A major European investment bank says the Instagram Checkout feature which debuted last week will make Facebook $10 billion richer every year by 2021. The ...
A major European investment bank says the Instagram Checkout feature which debuted last week will make Facebook $10 billion richer every year by 2021. The social media app’s new shopping cart is rolling out in beta with 23 top brands (like Nike, Adidas, Dior, and Prada).
Now we know how people are going to spend all those “FaceCoins.”
Facebook is investing heavily in Instagram Checkout, according to Deutsche Bank’s Lloyd Walmsley in a Monday note to investors:
“We think a more streamlined E-Commerce experience on Instagram could add an incremental $10 [billion] of revenue in 2021, and we see ‘Checkout with Instagram’ as a key step towards unlocking this opportunity.”
“We see potential for momentum to carry over to core Facebook and Marketplace and potentially even via a standalone shopping app.”
That last idea may be a bit far-fetched because all of that potentially $10 billion worth of yearly revenue represents the cash value to Facebook of saving users time when they shop.
That’s what Instagram Checkout will do for its users.
It’s giving them more of their own time back. The critics say giving users the ability to make purchases without leaving the app might risk over-commercializing the platform.
Maybe they just don’t get it. Maybe Instagram is just not for them.
Instagram is already, quite organically, one of the most commercialized social media platforms on the Internet, and users like it that way.
They’re the ones who made it that way.
Rolling out a shopping cart feature is actually Facebook finally catching up to how the users want to use the platform, which is a marketer’s holy grail – a highly commercialized space that isn’t cheesy or trite, but as cool as cool can be, and slick as the gorgeous advertisements in the glossy pages of a beautiful magazine.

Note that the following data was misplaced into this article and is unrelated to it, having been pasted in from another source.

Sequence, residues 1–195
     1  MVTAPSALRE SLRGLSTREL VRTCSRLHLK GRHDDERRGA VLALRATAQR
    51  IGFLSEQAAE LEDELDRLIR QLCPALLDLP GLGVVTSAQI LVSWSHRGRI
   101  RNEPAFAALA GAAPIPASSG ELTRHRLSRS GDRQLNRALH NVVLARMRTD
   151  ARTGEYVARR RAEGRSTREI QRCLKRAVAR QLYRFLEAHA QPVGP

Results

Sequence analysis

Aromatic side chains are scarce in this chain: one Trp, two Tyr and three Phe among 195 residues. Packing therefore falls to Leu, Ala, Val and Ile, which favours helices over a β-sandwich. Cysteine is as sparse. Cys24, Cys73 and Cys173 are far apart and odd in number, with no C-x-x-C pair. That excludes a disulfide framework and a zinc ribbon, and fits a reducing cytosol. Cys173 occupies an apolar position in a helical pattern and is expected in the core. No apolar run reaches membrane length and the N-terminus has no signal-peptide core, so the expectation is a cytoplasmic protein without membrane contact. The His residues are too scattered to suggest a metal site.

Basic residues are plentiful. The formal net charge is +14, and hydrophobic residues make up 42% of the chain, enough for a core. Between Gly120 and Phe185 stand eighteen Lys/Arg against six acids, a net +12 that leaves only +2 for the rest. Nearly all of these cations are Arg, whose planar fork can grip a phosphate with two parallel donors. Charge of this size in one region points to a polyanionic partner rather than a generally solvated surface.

Instagram is a place people go to in order to be sold to, but without feeling like they’re being sold to. Its imagery is aspirational, and its highly affluent user base goes there to see what the cool kids are doing. They don’t call it shopping or being sold to.
They call it being “influenced.”
Adding a shopping cart saves users the time of having to tap on the products that catch their eye, then tap over to the account’s profile, then tap a link to leave the app, then go to the merchant’s web page or store in some other app.
And then finally tap out every character of their name, address, and card info.
Instagram will even send mobile notifications when the goods ship.
The new checkout feature is certainly evolutionary, not revolutionary, but it’s an obvious and overdue evolution in the platform that rolls with how people want to use the app.
Its value proposition– saving users’ time– is more readily apparent than that of last month’s Facebook cryptocurrency announcement.
Deutsche Bank is telling investors now is a good time to buy Facebook (NASDAQ: FB), with a $200 price target per share of the social media giant.